Direct Action: Memoirs Of An Urban Guerrilla by Ann Hansen (Between the Lines), $22.95 cloth, 493 pages. Rating: NNNN
Tired of the pro-American propaganda bombarding you these days? Counter the capitalist spin on terrorism by reading Ann Hansen's stunning autobiography. She's the real deal, a convicted terrorist -- or freedom fighter, depending on your view -- who was sentenced to life imprisonment and released after seven years.
In the early 1980s she was one of the infamous Squamish Five who bombed the Cheekeye-Dunsmuir hydro substation in BC and the Litton Systems plant in Ontario (where a dozen people were seriously hurt) because it manufactured parts for cruise missiles.
She was also a member of the Wimmin's Fire Brigade that firebombed Vancouver porn store Red Hot Video, a controversial action that created a rift among feminists.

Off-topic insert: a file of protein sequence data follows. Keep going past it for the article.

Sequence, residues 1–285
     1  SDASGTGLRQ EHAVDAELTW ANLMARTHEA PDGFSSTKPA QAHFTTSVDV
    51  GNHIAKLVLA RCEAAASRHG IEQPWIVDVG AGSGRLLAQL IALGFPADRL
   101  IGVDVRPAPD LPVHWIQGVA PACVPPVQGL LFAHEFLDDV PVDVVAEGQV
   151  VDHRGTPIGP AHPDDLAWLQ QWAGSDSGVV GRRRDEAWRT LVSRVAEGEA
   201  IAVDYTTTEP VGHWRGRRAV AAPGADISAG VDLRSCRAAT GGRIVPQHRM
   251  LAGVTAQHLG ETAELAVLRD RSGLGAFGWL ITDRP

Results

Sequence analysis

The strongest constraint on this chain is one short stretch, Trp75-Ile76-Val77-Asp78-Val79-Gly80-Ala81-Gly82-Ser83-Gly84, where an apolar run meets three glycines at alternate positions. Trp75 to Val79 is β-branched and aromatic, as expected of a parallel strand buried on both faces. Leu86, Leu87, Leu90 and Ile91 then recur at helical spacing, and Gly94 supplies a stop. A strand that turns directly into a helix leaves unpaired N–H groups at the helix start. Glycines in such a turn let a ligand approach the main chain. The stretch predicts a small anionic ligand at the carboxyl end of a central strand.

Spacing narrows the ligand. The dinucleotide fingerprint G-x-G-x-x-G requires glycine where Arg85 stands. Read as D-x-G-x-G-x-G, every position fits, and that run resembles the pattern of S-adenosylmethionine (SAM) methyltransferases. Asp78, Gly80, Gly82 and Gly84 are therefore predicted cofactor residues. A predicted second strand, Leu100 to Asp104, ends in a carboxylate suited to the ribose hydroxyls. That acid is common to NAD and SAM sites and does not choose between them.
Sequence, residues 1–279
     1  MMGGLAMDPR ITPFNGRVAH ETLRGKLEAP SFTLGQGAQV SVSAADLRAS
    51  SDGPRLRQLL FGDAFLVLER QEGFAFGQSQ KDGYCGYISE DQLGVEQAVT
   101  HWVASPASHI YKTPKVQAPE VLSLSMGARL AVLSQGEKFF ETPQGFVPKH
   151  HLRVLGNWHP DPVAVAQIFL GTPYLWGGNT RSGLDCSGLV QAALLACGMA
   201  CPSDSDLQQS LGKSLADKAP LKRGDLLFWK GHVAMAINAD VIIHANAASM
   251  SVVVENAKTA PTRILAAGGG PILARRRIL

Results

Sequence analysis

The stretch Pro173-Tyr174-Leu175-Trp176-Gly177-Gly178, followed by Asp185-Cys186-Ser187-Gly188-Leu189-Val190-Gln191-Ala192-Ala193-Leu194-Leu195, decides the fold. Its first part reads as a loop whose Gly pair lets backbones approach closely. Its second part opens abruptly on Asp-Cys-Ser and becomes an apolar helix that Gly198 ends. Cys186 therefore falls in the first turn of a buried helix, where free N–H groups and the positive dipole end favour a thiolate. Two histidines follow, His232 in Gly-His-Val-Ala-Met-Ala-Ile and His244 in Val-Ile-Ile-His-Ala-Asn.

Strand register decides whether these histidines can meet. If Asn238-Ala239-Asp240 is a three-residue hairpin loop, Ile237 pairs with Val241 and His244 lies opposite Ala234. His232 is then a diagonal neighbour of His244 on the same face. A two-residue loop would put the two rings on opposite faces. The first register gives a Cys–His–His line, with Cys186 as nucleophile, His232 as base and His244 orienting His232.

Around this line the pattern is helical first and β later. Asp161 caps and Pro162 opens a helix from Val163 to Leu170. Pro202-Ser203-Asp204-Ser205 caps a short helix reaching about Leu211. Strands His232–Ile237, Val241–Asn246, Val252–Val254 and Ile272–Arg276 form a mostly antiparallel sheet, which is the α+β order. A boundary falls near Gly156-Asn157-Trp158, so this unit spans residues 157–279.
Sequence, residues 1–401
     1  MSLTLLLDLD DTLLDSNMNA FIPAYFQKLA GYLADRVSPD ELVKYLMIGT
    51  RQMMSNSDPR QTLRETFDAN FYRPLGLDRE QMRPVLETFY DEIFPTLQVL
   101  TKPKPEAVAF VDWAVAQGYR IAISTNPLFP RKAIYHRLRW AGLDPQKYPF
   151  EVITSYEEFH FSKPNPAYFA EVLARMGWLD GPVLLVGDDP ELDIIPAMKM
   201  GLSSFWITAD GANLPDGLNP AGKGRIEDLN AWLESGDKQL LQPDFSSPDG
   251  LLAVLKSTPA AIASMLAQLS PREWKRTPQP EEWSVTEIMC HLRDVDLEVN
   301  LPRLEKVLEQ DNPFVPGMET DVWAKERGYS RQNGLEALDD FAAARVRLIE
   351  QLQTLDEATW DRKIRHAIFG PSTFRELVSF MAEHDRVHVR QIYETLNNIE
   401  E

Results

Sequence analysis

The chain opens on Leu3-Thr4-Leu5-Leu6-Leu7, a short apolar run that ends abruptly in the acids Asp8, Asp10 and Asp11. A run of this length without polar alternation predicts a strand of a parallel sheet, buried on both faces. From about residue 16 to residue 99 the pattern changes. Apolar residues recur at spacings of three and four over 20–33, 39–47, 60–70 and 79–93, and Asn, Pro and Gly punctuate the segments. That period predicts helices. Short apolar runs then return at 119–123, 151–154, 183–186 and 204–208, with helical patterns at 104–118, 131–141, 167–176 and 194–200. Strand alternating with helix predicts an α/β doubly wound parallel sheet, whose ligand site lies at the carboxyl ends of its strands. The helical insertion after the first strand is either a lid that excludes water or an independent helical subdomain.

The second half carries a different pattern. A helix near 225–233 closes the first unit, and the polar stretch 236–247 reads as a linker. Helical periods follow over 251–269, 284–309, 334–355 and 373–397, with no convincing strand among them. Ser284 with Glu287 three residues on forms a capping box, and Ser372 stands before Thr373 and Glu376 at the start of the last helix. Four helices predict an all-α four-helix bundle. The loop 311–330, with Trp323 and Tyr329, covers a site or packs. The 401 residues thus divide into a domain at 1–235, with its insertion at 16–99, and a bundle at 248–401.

An excellent writer, Hansen spins a beautiful tale of bright-eyed youth fighting for justice, offering as well a clear-headed analysis of our social system's failings.
In Direct Action, she develops from a happy child to a woman willing to die or languish in jail for life in order to bring important issues to the media's attention.
The actions get increasingly serious: spray-painting slogans, shoplifting, paint bombs, robbery at gun-point, firebombs and explosives. At times, Direct Action can feel like a catalogue of the kinds of activism Hansen brushed up against (prisoners' rights, vegetarianism, native rights, separatist feminism, etc), but it is much more potent than that.
You feel certain that something terrible is going to happen to Hansen as a result of writing this book. It's so detailed. She can't possibly tell these stories at this point in time. But she's done it and has also done justice to the passion and conviction of anti-capitalist activists the world over.
Hansen joins the Left Words event Sunday (November 4). See readings, this page.